There is an outstanding variety of marine habitats and wildlife, and a large number of rare and unusual species in the waters around Lundy, including some species of seaweed, branching sponges, sea fans and cup corals.
In 2003 the first statutory No Take Zone (NTZ) for marine nature conservation in the UK was set up in the waters to the east of Lundy island. In 2008 this was declared as having been successful in several ways including the increasing size and number of lobsters within the reserve, and potential benefits for other marine wildlife, however the no take zone has received a mixed reaction from local fishermen.

The Lundy ferry Oldenburg sails into Ilfracombe harbour, north Devon, past inflatable ThunderCat powerboats waiting to begin an offshore race

There are two ways of getting to Lundy, depending upon the season of travel. During the summer months (April to October) visitors are carried on the Landmark Trust's own vessel, MS Oldenburg, which sails from both Bideford and Ilfracombe. Sailings are usually three days a week, on Tuesdays, Thursdays and Saturdays, with additional sailings on Wednesdays during July and August. The voyage takes on average two hours, depending on ports, tides and weather. The Oldenburg was first registered in Bremen, Germany in 1958 and has been sailing to Lundy since the replacement of her engine in 1985.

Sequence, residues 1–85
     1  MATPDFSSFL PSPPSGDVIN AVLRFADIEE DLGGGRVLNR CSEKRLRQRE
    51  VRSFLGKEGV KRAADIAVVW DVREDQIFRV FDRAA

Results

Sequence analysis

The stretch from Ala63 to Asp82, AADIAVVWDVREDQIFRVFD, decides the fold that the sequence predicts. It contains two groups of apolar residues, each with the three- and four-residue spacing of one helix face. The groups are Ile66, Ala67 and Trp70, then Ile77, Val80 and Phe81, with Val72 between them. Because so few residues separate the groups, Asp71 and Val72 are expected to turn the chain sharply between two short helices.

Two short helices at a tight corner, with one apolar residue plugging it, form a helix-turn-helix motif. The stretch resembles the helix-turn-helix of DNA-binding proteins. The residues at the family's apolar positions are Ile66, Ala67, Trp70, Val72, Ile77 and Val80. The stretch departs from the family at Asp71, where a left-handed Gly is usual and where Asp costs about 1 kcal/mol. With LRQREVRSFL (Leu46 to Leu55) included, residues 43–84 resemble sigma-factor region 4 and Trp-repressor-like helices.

During the winter months, (November to March) the Oldenburg comes out of service, and the island is served by a scheduled helicopter service from Hartland Point. The helicopter operates on Mondays and Fridays, with flights between 12 noon and 2 pm. The heliport is a field at the top of Hartland Point, not far from the Beacon.
A grass runway of 400 metres (1,312 ft) by 28 metres (92 ft) is available, allowing access to small STOL aircraft skilfully piloted.
Entrance to Lundy is free for anyone arriving by scheduled transport. Visitors arriving by non-scheduled transport are charged a small entrance fee, currently (July 2007) £5.00, with an additional charge payable by those using light aircraft. Anyone arriving on Lundy by non-scheduled transport is also subject to an additional fee for transporting luggage to the top of the island.
In 2007, Derek Green, Lundy's general manager, launched an appeal to raise £250,000 to save the mile-long Beach Road, which had been damaged by heavy rain and high seas. The road was built in the first half of the 19th century to provide people and goods with safe access to the top of the island, 120 metres (394 ft) above the only jetty. The fundraising was completed on the 10th March 2009